These exact words later appeared in the Eighth Amendment to the United States Constitution (1787).
Actually, the Eighth Amendment prohibits 'cruel and unusual punishments'. Some courts believe that because 'punishments' is plural they have the power to review types of punishments, but not individual sentences. I'll try to find some cases to this effect when i have time.
Spambi 17:38, 13 August 2006 (UTC)
The term "cruel" is necessarily flexible according to the circumstances, since all punishments are inherently cruel to some greater or lesser degree.
I don't think we should be presenting this as fact.
- What's debatable? Locking someone in a little concrete room with bars on the windows is an act of cruelty, isn't it? Ellsworth 19:48, 27 December 2006 (UTC)
- Yes, but imprisonment is not equal to punishment. I don't think that, for example, temporarily revoking someone's driver's license if that person was found to be driving far over the speed limit is necessarily an act of cruelty. 184.108.40.206 04:12, 5 January 2007 (UTC)
Link removed, no longer directs people to the correct website, simply sends them directly to Oyez.com 220.127.116.11 14:11, 19 December 2006 (UTC)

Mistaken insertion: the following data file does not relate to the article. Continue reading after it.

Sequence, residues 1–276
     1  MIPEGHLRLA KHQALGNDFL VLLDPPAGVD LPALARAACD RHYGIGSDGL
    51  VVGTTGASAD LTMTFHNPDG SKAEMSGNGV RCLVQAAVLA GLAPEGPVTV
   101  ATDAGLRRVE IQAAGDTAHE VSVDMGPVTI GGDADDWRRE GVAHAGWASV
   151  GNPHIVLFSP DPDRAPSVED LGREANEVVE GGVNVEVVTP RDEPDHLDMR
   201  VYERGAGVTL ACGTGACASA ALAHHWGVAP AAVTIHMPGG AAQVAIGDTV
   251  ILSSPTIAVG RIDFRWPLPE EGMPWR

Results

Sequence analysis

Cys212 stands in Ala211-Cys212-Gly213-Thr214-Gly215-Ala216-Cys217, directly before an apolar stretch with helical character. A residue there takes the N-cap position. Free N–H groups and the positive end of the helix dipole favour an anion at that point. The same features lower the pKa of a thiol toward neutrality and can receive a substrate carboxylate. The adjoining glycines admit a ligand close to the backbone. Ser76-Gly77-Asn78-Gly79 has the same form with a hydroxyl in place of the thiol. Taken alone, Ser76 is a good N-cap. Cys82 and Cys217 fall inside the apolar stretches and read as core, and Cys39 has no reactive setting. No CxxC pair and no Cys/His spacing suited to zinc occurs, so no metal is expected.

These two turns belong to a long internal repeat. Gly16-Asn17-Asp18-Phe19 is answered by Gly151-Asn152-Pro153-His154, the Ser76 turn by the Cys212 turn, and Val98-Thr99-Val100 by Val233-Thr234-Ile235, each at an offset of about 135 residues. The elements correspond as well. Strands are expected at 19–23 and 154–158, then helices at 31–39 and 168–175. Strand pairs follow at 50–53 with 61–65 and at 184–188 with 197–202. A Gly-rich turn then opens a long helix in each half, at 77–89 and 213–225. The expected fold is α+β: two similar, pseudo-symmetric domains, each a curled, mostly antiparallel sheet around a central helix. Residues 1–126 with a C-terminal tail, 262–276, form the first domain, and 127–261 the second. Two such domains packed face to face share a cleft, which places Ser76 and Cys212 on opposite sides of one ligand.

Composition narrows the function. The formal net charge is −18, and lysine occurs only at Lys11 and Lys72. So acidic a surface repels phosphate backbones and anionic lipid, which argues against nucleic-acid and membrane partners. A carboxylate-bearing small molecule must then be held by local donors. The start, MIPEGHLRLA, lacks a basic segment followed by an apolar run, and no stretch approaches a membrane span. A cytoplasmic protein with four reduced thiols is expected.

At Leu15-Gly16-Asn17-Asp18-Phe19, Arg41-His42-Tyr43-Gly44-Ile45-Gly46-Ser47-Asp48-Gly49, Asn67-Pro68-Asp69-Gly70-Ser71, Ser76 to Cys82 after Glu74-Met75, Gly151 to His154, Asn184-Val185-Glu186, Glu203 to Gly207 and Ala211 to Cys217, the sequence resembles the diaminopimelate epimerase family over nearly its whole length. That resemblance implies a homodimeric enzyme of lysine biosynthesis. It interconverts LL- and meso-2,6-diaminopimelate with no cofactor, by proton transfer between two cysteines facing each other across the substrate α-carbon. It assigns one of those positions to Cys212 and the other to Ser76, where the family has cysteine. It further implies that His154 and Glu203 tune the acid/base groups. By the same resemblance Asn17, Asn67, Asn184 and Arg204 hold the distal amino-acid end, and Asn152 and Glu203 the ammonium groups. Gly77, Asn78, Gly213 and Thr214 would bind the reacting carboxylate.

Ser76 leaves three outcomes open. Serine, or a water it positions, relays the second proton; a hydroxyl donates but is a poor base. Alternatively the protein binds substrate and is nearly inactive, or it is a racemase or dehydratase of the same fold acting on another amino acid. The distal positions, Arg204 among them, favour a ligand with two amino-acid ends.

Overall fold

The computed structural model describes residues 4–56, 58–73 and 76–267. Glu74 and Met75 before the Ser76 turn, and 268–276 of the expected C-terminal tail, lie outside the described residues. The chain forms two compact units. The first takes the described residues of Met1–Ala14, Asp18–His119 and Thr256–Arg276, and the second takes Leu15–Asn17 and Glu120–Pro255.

Real cruel and unusual punishment today
forenote- some person with moniker - kybldmsstr with no knowledge whatsoever of the law or of Constitutional Law erased these pertinent paragraphs below...
In the US 1600s , e.g at Old Newgate Prison, near Granby, CT, the practice of intentional blinding was routinely used. This blinding can be done by passing a red hot iron before the eyes and even if the eyelids remainly tightly closed, the infrared radiation will go through and burn out the retina's permanently blinding the person. Such practices are surely cruel and unusual and beyond torture and are permanent, intentional maiming (that IS illegal, ladies).
Today, prisoners in maximum security prisons are held under a broad range of incarceration from what would be considered a healthy attempt to rehabilitate (see Minnesota pratice of allowing maximum security prisoners to be out of their cells (on good behavior) all day long and only be locked up during the nite (and while out, they may jog about a track, shoot basketball, lift weights, go to high school and some college classes, take ourses e.g. in painting (these painting classes have been largely credited with showing inmates from poor homes that they can be creative and be productive)